Commercial Paper Expands for First Time in Four Weeks, Fed Says

The market for corporate borrowing via short-term IOUs expanded for the first time in four weeks, led by a rise in issuance from non-U.S. financial institutions.

The seasonally adjusted amount of U.S. commercial paper climbed $5.3 billion to $1.022 trillion outstanding in the week ended yesterday, the Federal Reserve said today on its website. That’s the first rise since a $200 million increase for the period ended Feb. 27 and the highest level since then.

Commercial paper sold by overseas financial institutions increased for a third week, surging $9.6 billion to $223.2 billion, the highest level since the period ended Feb. 13. The amount issued by U.S.-based financial companies fell for a fourth week, dropping $3.1 billion to $304.8 billion, the least since the week ended Dec. 19, according to the Fed.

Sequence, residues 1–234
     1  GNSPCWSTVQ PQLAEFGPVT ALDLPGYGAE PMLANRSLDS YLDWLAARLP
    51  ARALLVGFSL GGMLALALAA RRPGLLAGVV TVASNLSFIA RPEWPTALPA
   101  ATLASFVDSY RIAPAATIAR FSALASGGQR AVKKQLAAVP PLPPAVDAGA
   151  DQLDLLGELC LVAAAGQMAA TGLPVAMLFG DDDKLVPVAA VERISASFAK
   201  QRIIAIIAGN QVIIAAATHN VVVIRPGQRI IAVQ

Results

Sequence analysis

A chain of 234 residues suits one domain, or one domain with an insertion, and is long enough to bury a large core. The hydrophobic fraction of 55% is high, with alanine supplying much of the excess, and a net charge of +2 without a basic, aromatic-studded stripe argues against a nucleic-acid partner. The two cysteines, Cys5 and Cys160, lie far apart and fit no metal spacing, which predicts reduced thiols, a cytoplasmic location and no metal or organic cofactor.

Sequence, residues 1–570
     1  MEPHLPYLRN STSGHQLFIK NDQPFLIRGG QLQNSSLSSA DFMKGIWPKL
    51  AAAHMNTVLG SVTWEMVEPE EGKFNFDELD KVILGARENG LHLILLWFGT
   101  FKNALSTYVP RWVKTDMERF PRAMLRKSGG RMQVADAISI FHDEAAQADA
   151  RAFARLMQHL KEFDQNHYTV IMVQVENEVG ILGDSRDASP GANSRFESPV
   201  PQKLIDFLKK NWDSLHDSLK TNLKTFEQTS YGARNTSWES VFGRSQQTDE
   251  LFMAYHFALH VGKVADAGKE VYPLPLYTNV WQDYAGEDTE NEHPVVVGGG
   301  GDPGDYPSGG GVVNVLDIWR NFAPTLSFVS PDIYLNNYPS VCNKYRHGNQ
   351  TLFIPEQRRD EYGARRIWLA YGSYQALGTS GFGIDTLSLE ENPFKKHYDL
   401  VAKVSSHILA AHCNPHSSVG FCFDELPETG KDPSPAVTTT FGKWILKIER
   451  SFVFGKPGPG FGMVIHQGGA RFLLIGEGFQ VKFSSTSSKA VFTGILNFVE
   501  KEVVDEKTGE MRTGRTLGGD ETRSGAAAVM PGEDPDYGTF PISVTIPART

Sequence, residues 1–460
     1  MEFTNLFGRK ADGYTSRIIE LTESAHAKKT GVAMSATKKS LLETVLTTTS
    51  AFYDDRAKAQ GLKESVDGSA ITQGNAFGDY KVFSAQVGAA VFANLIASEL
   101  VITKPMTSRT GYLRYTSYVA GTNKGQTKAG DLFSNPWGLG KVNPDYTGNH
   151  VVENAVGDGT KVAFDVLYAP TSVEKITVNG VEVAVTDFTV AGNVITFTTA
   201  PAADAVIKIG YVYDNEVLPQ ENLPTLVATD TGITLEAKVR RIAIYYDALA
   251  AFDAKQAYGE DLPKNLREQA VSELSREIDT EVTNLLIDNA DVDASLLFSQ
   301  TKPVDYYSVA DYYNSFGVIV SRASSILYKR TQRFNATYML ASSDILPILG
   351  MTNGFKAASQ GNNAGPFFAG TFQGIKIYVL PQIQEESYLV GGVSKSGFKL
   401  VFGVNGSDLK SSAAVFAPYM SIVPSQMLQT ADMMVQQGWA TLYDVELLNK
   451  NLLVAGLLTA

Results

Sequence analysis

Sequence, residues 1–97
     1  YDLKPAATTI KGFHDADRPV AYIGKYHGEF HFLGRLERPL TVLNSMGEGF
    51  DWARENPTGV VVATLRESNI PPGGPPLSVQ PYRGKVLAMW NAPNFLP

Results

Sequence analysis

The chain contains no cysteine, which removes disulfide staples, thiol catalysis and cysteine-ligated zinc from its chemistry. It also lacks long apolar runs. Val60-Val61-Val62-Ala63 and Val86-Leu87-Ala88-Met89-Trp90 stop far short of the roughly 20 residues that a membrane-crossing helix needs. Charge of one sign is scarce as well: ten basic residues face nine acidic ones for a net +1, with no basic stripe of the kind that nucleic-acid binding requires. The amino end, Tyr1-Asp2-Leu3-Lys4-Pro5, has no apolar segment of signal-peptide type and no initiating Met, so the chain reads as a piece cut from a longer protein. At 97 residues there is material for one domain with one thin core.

Corporations sell commercial paper, typically maturing in 270 days or less, to fund everyday activities such as rent and salaries.

To contact the reporter on this story: John Parry in New York at jparry5@bloomberg.net

To contact the editor responsible for this story: Alan Goldstein at agoldstein5@bloomberg.net

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